Gerald Benney established his studio and workshop in central London. In addition to his silversmithing business, he was initially involved in designing a range of products from clocks to prams. By the late 1950s, Benney’s commercial work was losing its Scandinavian influence. Another step change occurred in 1961 when texturing became a feature of his work. It was quite accidental. While hand-raising the bowl of a goblet he inadvertently used a hammer with a damaged head. After half a dozen blows, what should have been a smooth surface had a bark effect pattern imposed on the silver.
Robert Welch was the last to graduate in 1955. He became a design consultant to the stainless steel manufacturers Old Hall and established a design studio and silver workshop at Chipping Camden. Although Welch has long been associated with cutlery, the repertoire of his designs ranged from clocks to lighting, glassware to kitchen tools. Welch continued designing silver until the end of the 20th century. Robert Welch Designs Limited continues to sell small pieces of silver.
Stuart Devlin (1931-2018)
In 1965, Mellor, Welch and Benney were joined by the Australian designer, Stuart Devlin, when he decided to open a workshop in the capital. Devlin had trained as an art teacher in his native Australia before studying gold and silversmithing in Melbourne and later at London’s Royal College of Art. He followed this by spending two years at Colombia University where he developed a career as a sculptor.
Back home, as agreed, he returned to his role as an educationalist, while designing the coins for the Australian decimal coinage.
At the age of 32, during a visit to London to supervise the cutting of the dies for the new coins, the seeds were sown for establishing himself as a silversmith in the capital.
His exploration of sculpture in America gave him the skills of working with molten metal, allowing him to adapt and refine techniques to produce a wide variety of textures on the surface of silver as well as making filigree forms. The result was silver, the likes of which had never been seen before.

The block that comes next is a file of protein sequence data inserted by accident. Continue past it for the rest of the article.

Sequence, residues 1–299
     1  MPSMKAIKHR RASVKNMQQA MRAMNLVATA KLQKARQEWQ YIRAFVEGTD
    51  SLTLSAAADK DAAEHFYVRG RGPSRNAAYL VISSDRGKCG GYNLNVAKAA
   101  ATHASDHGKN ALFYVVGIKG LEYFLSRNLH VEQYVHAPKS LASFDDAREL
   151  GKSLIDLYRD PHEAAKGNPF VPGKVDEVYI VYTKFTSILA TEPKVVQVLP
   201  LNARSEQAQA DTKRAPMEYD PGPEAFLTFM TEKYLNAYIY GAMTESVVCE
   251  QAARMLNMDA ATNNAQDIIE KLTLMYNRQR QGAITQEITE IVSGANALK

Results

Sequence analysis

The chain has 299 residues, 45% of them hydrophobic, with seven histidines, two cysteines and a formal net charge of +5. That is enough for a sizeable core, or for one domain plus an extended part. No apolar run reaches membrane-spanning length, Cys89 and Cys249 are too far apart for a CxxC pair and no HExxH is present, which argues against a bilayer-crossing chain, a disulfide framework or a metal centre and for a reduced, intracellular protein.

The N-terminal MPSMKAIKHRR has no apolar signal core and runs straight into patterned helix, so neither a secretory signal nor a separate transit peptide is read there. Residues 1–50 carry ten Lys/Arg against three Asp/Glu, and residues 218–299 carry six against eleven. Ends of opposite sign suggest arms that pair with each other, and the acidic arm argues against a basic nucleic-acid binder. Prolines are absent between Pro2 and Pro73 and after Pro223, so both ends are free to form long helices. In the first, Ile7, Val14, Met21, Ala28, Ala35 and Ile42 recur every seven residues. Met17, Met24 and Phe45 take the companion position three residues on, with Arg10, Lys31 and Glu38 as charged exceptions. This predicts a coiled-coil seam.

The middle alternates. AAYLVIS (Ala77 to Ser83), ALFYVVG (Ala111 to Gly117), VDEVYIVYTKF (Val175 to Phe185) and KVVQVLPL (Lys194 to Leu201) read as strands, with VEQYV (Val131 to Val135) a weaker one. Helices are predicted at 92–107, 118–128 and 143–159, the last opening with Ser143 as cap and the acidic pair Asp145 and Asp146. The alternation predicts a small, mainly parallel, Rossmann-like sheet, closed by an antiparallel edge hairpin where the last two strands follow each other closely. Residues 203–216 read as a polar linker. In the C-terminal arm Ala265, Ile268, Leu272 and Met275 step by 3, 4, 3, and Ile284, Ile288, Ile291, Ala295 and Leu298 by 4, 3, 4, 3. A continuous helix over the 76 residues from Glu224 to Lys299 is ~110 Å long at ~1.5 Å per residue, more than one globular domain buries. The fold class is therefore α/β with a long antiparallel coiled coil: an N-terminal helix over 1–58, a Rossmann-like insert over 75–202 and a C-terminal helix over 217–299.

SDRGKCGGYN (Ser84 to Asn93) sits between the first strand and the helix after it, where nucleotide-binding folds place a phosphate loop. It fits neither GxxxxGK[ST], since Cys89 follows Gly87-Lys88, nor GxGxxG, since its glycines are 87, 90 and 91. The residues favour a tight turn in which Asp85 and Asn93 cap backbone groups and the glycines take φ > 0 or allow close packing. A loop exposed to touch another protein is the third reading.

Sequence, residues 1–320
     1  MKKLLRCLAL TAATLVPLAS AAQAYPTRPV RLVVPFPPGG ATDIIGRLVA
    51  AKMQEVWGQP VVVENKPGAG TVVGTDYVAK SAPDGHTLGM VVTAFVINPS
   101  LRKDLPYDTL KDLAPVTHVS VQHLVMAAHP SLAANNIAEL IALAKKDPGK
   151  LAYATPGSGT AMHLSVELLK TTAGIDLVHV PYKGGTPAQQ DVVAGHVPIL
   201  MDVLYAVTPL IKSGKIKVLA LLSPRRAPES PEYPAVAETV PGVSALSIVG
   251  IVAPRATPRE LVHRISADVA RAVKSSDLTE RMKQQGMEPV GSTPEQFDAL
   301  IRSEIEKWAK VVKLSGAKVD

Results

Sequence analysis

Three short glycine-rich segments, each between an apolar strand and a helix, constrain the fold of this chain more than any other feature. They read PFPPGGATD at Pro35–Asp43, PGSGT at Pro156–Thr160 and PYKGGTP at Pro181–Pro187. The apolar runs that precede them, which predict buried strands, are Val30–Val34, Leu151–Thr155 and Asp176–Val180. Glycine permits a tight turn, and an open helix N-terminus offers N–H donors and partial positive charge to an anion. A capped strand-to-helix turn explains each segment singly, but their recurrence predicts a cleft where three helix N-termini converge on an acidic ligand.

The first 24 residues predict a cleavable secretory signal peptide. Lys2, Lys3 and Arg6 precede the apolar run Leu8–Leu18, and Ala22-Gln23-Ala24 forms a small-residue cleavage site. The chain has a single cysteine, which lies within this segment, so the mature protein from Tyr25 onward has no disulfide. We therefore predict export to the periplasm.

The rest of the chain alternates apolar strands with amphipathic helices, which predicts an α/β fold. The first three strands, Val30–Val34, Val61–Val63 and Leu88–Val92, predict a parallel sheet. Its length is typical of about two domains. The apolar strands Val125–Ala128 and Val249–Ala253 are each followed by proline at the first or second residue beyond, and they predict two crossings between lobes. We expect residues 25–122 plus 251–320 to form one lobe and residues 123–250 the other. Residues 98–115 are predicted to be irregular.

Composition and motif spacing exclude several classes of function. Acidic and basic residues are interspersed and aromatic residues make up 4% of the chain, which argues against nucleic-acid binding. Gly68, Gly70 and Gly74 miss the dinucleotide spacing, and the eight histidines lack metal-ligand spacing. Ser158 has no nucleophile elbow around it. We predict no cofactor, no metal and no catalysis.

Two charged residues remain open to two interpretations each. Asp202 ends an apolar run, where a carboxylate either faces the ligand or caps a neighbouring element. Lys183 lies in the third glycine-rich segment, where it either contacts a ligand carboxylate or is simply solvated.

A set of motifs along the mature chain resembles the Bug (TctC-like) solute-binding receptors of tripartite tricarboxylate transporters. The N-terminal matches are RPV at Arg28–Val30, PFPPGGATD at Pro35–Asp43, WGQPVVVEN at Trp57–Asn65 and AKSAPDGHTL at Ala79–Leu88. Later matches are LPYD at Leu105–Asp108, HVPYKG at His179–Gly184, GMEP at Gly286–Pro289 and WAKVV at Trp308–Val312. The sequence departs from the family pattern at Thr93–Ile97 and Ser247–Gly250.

British silver in the ‘70s
A number of expert silversmiths continued to expand and refine the craft in the 1970s, creating world-beating designs.
Michael Bolton (1938-2005)
One such was the self-taught Hammersmith-born Michael Bolton (1938-2005) who was among the top dozen or so designer craftsmen working in silver in the years from 1970.
His wasn’t an easy start. Unable to find a place at art college, he embarked on a career in commerce, first as a clerk in a shipping company and then with American Express, which offered him a £350 “golden handshake” in 1968. He took it and set up a pottery studio at his home at Biggin Hill.
Between 1975 and 1981 Bolton exhibited at the Goldsmith’s Company Loot exhibitions. In the catalogue of the 1996 Contemporary Silver Tableware exhibition he said his work was: “…inspired by the magic and aura of Celtic, Roman and Anglo-Saxon metalwork, the romanticism of the King Arthur legends, and the ethics and ideology of the late 19th and early 20th-century British arts and crafts movement.”
Malcolm Appleby (B. 1946)